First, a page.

Intuitively, the larger our rectangles are, the more likely they are to overlap other rectangles. Since we want to maximize the number of rectangles that can have been drawn first, we want as few overlaps as possible, since knowing that two rectangles overlap means that one of them cannot possibly have been drawn first. This means it is always to our advantage to assume, when we can, that an overlap doesn't occur, and so we will try to assume that each rectangle is as small as it can possibly be. In particular, for each rectangle of a certain color, we will always assume that the leftmost grid square of that color is its left border, the topmost grid square of that color is its top border, etc.

Now that we know the bounds of our rectangles, it is very straightforward to determine whether two rectangles overlap. But when two rectangles overlap, how do we know which one can be on top? Can either of them be on top? Consider the area formed when two rectangles of colors C and D overlap. Clearly it cannot contain squares of both colors C and D. If it contains either C or D, then the corresponding rectangle of that color must have been painted later. (Otherwise, the later rectangle would have painted over the color that shows up.) If it contains neither, then we can assume either rectangle was painted first, as we have no way to tell the difference.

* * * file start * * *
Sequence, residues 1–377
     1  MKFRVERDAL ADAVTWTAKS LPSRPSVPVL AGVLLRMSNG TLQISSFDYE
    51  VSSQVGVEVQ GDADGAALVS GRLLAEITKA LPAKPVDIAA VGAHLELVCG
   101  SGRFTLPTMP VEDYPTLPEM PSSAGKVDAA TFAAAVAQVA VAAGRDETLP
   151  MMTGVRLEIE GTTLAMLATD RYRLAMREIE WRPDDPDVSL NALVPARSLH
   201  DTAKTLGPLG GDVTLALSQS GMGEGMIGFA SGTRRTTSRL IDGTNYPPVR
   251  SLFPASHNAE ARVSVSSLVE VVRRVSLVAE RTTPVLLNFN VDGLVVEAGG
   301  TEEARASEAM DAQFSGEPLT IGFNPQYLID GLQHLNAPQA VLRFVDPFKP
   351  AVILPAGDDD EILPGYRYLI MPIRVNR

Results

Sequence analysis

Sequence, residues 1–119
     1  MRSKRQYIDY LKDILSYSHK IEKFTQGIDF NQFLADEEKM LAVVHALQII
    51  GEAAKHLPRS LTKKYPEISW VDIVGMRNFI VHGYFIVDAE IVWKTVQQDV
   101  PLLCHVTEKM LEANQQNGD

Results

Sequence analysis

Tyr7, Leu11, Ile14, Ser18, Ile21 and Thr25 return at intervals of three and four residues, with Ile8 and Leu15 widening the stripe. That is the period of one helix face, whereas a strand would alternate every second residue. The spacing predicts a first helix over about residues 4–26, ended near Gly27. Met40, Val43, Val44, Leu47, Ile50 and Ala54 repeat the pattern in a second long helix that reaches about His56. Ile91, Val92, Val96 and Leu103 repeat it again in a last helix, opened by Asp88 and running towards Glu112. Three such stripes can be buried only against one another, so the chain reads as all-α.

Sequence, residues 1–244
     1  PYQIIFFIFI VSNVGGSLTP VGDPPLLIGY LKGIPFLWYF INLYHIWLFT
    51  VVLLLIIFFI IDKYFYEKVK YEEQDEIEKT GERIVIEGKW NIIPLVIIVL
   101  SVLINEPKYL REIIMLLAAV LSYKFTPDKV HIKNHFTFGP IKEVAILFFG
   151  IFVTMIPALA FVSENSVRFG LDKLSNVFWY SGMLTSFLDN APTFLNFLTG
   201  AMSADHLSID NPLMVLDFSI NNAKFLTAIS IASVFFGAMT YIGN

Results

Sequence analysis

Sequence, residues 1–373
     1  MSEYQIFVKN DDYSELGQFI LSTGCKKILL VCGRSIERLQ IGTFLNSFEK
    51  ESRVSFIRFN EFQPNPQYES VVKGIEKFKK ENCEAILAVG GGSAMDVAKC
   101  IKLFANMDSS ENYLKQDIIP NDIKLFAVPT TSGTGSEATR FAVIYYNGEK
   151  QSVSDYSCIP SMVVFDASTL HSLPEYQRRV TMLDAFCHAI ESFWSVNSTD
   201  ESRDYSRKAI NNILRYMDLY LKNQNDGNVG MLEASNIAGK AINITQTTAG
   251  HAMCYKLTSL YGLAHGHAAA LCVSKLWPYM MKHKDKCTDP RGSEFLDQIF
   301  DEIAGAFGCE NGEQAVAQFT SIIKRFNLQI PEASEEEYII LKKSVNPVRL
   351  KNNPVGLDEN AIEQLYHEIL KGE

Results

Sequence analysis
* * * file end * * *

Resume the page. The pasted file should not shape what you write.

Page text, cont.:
This means that a rectangle R could have been painted first if, and only if, there is no other rectangle S such that there's a grid square of color R within the area of S.

Since N is very small (at most 10), we can compute for each pair of rectangles R
and S whether S is on top of R using brute-force. Whenever we find a rectangle
that does not *have* to have any other rectangle on top of it, we can add
it to our overall count.

Here's Brian Dean's code:

#include <iostream> #include <fstream> #include <cmath> using namespace std; #define MAX_N 10 int N, B[MAX_N][MAX_N]; bool color_appears(int c) { for (int i=0; i<N; i++) for (int j=0; j<N; j++) if (B[i][j] == c) return true; return false; } // Is c1 "on top of c2" -- i.e., does c1 appear within the bounding box of c2? bool on_top_of(int c1, int c2) { // Find c2's bounding box int top=N, bottom=0, left=N, right=0; for (int i=0; i<N; i++) for (int j=0; j<N; j++) if (B[i][j] == c2) { top = min(top, i); bottom = max(bottom, i); left = min(left, j); right = max(right, j); } // Does c1 fall within it? for (int i=top; i<=bottom; i++) for (int j=left; j<=right; j++) if (B[i][j] == c1) return true; return false; } int main(void) { ifstream fin ("art.in"); ofstream fout ("art.out"); fin >> N; for (int i=0; i<N; i++) { string s; fin >> s; for (int j=0; j<N; j++) B[i][j] = s[j] - '0'; } int answer = 0; for (int i=1; i<=9; i++) if (color_appears(i)) { bool could_be_first = true; for (int j=1; j<=9; j++) if (j!=i && color_appears(j) && on_top_of(i,j)) could_be_first = false; if (could_be_first) answer++; } fout << answer << "\n"; return 0; }